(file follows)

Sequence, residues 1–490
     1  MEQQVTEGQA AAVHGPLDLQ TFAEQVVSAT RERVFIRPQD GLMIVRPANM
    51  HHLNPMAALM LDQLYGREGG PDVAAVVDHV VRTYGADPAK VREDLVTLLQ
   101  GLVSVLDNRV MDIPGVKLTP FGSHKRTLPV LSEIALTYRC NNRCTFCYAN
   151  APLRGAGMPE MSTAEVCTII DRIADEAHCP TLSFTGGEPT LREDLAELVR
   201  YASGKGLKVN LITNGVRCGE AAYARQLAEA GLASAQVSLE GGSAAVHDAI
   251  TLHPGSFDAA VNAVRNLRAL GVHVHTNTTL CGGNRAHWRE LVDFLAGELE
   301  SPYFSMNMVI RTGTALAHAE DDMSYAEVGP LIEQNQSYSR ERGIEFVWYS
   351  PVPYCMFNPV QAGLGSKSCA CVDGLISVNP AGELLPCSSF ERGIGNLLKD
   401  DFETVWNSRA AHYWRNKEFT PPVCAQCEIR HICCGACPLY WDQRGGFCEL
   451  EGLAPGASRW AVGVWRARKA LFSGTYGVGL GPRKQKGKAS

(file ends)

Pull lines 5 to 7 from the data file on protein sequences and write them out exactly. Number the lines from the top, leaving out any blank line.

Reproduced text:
   151  APLRGAGMPE MSTAEVCTII DRIADEAHCP TLSFTGGEPT LREDLAELVR
   201  YASGKGLKVN LITNGVRCGE AAYARQLAEA GLASAQVSLE GGSAAVHDAI
   251  TLHPGSFDAA VNAVRNLRAL GVHVHTNTTL CGGNRAHWRE LVDFLAGELE